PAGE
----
At one point, when we began realizing that we weren't sure we'd find the correct house, we flagged down a man who was driving past. When he rolled down his window, Dan proclaimed, "I am from this town! This is my town!" And the guy's response--a blank stare with raised eyebrows--was priceless. So Dan backpedaled, explaining about his family history and asking if the man knew of any family who shared our last name, the name of the town. He gave us a vague response and kept on his way, but we didn't care. A bit farther down the road, he must have decided to take pity on us because he found us wandering around, approached us again, and explained that he did in fact know which house belonged to Dan's family, and that the couple who live there share our last name. I think he got a kick out of watching us snap more photos and collect rocks and soil from the surrounding property. (Yup, we were BIG nerds. We could have easily starred in "Borat Explores Basque Country.")

As we rounded the bend and approached the house, we were delighted to find it very well kept up. There were blooming geraniums in the flower pots, lovely rose bushes lining the home, and a trellis with grape vines between the white-washed house and garage. It turned out that this was the "summer home" of its owners--our distant relatives--so we weren't lucky enough to meet them. But Dan did leave an infamous note that will go down in the family history books: as he attempted the Spanish phrase for "ancestral home," he instead wrote, "the home of my inheritance." He signed his name with a flourish and added his email address, and only later when he spoke to his father did he realize his translating mistake. Oops. I'm sure the folks who own this place won't be so happy to find that someone has come back to claim this home and its land (he'd also elaborated, in his note, on how beautiful the property is...). Yeah...we'll probably never hear from them.

My enthusiasm in finding this town may seem odd, especially since this is not technically MY homeland--I just married into this family. But Dan and I felt such a profound attachment to this land. This was our dirt! Our rocks! Our sheep! Maybe it's because the Basque people do tend to be mocked--or just unheard of--but we couldn't get over how nice it was was to be in a place where "everybody knows your name." Not only could they pronounce the name correctly (that's enough of a trial for most folks in the U.S.), but they could tell us some history about it--like how it came to have two spellings. (When the Basque region transitioned to adopting Spanish as the dominant language, they added an extra letter to our name so that the Spanish could properly pronounce it. The name of the town, however, preserved the original Basque spelling.)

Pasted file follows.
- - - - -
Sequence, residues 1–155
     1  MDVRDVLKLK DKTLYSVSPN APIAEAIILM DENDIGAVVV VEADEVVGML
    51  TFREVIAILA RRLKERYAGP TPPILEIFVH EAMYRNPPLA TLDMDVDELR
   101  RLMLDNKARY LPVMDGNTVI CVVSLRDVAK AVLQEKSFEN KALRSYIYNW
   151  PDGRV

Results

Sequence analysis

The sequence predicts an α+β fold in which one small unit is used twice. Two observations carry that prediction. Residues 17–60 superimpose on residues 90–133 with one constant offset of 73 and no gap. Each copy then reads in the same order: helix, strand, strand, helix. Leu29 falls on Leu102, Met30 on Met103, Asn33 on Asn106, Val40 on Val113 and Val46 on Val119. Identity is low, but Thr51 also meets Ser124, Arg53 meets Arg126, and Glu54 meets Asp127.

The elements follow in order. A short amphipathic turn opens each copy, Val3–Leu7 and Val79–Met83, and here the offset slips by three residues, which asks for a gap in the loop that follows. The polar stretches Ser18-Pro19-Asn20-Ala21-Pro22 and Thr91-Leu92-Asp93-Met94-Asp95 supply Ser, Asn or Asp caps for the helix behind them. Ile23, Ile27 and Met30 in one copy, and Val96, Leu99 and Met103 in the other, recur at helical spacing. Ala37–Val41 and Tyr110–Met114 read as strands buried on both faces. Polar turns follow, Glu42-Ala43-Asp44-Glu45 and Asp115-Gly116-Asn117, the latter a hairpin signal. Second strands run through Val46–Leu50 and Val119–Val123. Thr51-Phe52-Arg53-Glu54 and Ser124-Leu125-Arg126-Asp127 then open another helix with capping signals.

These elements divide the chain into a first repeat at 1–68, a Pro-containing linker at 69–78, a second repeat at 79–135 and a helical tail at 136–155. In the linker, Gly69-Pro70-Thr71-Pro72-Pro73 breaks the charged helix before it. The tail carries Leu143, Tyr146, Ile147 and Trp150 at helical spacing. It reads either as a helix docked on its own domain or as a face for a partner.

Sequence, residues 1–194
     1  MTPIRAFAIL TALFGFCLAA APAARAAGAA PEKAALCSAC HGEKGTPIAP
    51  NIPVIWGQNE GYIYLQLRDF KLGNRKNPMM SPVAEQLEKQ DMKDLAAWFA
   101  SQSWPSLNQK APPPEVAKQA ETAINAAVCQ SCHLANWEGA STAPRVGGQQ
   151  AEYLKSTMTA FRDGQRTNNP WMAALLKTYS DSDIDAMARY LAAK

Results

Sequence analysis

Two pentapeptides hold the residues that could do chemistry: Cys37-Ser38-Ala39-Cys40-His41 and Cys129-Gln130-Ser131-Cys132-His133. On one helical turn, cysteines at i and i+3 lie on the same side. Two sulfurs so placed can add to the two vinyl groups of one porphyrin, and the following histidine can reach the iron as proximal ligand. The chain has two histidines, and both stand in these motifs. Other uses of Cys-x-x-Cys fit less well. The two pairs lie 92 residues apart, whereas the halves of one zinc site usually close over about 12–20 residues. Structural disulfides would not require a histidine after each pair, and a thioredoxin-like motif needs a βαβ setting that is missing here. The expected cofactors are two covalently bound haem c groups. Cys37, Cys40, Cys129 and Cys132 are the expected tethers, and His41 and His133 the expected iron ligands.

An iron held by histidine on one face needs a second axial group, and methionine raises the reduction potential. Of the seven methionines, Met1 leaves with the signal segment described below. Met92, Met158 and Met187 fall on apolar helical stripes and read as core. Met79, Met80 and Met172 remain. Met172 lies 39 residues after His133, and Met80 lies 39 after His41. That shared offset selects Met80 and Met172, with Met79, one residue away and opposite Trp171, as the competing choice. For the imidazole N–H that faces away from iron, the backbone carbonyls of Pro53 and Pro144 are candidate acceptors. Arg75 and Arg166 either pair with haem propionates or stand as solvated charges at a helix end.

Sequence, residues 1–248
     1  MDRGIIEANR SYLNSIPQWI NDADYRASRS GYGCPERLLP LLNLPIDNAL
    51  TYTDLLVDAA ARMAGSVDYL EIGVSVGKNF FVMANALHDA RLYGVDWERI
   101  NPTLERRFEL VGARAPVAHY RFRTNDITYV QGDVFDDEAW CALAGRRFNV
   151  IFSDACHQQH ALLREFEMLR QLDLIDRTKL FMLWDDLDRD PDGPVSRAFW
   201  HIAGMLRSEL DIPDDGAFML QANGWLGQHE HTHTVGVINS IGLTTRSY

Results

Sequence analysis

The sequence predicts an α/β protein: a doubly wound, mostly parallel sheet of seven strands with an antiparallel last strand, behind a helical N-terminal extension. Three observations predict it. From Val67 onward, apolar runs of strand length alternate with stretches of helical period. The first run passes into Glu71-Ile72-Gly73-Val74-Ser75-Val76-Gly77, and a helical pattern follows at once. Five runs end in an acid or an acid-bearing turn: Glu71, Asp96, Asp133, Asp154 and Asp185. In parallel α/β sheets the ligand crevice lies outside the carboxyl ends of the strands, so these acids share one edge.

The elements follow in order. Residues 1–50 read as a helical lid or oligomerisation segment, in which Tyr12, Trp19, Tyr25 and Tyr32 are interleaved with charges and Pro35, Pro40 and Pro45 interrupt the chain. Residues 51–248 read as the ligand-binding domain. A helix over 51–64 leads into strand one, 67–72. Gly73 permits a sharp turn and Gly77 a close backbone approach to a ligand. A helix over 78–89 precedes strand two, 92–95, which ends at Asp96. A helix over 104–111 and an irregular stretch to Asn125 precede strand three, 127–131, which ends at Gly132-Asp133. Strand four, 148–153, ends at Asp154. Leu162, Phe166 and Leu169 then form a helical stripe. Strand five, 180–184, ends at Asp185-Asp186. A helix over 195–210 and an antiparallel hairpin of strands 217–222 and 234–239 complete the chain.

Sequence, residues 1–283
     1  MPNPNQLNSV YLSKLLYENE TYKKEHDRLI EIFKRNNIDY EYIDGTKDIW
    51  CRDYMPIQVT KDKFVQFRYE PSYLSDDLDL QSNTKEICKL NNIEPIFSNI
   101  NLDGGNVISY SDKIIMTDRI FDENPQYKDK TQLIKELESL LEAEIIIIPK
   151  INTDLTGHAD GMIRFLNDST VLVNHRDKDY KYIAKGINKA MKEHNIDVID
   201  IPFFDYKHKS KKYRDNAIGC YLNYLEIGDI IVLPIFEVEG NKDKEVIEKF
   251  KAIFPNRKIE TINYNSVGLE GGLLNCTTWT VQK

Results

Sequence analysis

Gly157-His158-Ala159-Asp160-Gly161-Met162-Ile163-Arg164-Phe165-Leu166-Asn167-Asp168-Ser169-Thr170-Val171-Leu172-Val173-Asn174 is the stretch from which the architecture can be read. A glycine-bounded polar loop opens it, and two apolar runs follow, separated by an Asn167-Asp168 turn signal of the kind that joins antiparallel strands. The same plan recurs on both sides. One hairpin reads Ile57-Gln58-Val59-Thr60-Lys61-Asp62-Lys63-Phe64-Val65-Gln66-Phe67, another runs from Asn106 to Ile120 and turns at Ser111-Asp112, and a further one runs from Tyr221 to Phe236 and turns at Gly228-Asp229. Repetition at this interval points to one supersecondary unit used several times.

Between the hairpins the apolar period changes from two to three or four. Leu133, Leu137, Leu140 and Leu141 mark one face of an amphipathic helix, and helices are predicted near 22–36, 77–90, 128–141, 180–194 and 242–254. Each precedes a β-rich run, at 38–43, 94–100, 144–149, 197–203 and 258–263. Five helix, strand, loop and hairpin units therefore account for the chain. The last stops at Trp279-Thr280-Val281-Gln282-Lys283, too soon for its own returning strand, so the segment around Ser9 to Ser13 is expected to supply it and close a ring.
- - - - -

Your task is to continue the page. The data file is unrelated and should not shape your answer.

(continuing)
The best moment came toward the end of the day, as we were leaving the cemetery (we found some family crypts--creepy, yes, but also very cool). A man pulled up to us in his car and asked if we knew the way to the town we'd just come from--the town of our name. Dan exclaimed, "Why, of course I know where that is! That's my town!" And though the guy had every reason to write us off as freaks and drive away, he just smiled and laughed, and he brought out his map. Dan was beyond excited to be able to point him in the right direction. Then, with a grin and a wave, the guy continued on his way.
 
And we were back on the country road, just the two of us and our sheep, feeling energized to continue moving forward since we'd finally seen where we'd come from.